The grand battlefield of Drumclog is where the hardy, faithful Covenanters routed the cruel Claverhouse. I have stood upon that battlefield and looked upon a schoolhouse erected there by a Scotchman, though there was not a house to be seen near it, because he wanted the faith and the zeal of his forefathers to dwell in those that might come afterwards. I went, after looking at that field, into the house of a poor weaver. I heard he had a relic of the great fight in his possession, and I thought I should like to purchase it. He unfurled a flag that had been held by his forefathers on the great day of the fight, and on that flag were these words, "God and our sworn covenant." I asked him if he would sell the flag. "I will never sell the flag," said he, "except with my own life. I hold it as an heirloom, and, however poor I may be, I will hand it down to my children; and I hope they will hand it down to their children." The incident reminds us that Christians carry a banner, and are pledged by their covenant relationship to Christ to seek the salvation of sinners, and thus be true to the memory of those who preceded them in the holy warfare.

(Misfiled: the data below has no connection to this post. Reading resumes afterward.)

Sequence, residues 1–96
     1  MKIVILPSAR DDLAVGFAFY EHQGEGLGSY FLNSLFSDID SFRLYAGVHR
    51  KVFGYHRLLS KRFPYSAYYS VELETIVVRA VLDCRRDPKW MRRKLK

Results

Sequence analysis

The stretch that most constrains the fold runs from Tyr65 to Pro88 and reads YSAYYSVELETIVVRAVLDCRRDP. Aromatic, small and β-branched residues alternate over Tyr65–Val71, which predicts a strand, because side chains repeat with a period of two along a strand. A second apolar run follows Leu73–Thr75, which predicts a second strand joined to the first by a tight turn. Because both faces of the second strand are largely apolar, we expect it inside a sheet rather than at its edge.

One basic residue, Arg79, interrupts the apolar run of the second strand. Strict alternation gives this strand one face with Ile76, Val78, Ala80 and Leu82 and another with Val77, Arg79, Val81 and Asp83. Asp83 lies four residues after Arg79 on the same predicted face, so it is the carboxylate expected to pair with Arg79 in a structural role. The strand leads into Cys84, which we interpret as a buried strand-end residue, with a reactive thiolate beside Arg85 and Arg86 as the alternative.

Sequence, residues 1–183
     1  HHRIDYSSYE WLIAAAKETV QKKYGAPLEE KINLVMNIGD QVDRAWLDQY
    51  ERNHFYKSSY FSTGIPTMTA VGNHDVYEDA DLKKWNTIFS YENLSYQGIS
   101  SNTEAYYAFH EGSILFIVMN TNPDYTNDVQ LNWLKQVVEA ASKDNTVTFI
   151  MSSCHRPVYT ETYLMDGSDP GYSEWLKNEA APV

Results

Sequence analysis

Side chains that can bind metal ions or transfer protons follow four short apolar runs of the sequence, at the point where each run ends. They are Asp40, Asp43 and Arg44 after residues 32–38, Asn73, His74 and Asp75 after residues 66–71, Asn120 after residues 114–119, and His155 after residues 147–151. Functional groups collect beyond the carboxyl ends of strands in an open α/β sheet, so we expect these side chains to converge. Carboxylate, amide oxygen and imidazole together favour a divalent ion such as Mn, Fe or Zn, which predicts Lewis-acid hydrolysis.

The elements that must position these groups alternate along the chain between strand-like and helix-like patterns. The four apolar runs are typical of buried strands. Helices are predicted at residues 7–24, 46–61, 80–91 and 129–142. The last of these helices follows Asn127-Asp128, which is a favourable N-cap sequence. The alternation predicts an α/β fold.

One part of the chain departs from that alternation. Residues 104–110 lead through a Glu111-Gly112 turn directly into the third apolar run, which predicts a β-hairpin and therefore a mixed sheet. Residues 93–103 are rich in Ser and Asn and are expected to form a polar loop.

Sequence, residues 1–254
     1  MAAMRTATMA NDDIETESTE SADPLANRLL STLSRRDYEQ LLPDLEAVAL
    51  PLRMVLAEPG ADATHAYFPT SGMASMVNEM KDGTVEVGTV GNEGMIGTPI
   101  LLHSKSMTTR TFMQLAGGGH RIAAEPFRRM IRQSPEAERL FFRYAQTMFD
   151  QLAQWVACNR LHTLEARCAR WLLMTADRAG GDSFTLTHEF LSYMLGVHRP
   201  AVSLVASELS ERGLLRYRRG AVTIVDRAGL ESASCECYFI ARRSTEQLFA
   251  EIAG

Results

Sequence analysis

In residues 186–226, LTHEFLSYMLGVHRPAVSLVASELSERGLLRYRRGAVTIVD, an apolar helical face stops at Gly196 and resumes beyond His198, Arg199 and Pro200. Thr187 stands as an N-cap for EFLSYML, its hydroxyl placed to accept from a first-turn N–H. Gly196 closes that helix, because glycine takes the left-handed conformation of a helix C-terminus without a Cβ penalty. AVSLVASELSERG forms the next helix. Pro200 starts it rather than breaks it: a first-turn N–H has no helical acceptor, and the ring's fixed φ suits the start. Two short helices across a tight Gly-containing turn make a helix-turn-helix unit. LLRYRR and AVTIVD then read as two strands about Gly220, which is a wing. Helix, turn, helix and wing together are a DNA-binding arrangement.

(A. McAulay.)